Born in 1941 in Büren an der Aare, Markus Raetz grew up in the canton of Bern. After working for two years as a schoolteacher, he began his career as an independent artist in 1963. Apart from two stays elsewhere - one of four years in Amsterdam, the other of three years in Carona in Ticino - and regular trips to the South of France, he spends all his time in Bern.

He has had numerous group and solo exhibitions - Musée d’Art Moderne et Contemporain, Geneva, 2011; Kunstmuseum Bern, 2014; Museo d’arte della Svizzera Italiana, Lugano, 2016, to name but a few - and has participated three times in the international Documenta exhibition in Kassel (editions 4, 5 and 7). His works are collected by leading Swiss and European institutions.

About the artworks

Since the mid-1960s, Markus Raetz has been developing a body of work centered on the question of perception and language that reveals the relative nature of reality. In this he echoes some of his favorite writers: Robert Walser, Raymond Roussel and Lawrence Sterne. He uses words, natural materials such as twigs, leaves from a tree, metal, and cardboard to develop a poetic universe whose recurring themes are those of the human figure and the landscape. On his travels, as in his studio, he is constantly creating. Drawing is his primary mode of action, feeding his intuitive and optical research. His interest in anamorphosis - a process that distorts the representation of objects in relation to the rules of ordinary perspective - has given rise to devices that, in order to be fully apprehended, get the viewer moving, forcing them to move around the piece.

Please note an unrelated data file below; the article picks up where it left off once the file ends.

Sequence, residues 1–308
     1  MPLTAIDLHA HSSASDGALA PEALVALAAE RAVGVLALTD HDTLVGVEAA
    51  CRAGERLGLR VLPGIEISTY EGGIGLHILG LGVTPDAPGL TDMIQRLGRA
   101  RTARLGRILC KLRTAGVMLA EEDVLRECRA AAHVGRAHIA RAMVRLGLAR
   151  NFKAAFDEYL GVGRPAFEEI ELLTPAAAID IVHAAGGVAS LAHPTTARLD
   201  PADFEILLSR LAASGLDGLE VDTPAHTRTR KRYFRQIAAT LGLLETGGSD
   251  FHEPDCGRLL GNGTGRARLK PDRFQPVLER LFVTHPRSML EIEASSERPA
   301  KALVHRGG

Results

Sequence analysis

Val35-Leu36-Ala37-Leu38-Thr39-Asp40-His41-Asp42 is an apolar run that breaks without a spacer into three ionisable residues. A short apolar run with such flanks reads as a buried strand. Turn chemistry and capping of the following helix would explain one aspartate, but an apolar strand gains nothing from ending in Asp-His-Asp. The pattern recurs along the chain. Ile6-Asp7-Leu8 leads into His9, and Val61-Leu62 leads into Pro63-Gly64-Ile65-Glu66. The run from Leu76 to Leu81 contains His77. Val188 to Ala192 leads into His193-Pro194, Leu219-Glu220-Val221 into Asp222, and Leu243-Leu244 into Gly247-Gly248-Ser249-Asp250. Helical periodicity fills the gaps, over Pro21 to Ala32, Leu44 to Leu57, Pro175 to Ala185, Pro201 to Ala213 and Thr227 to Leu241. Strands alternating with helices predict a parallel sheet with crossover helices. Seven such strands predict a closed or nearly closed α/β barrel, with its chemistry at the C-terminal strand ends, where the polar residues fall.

As for the lightweight assemblies such as the mobiles, they are among the pieces that highlight an unstable, fluid universe which never ceases to recompose itself, similar to the fleeting and dynamic relationship to the world via the variety of possible perceptions. From one form to another, from hesitation to obviousness, from fragment to whole, Raetz is fascinated by the transition from one dimension to another, from the second to the third, from the third to the fourth, and by its metaphysical implications. His entire body of work is committed to demonstrating how easily our gaze is deceived and how easily it can take one point of view as the only truth, when there are countless others. In Geneva, in the public domain, his installation Oui-Non (2000) reads sometimes “yes” and sometimes “no,” even though it is the same three metallic twists that write what we see differently depending on the angle of vision adopted.

The artworks

Collection of contemporary art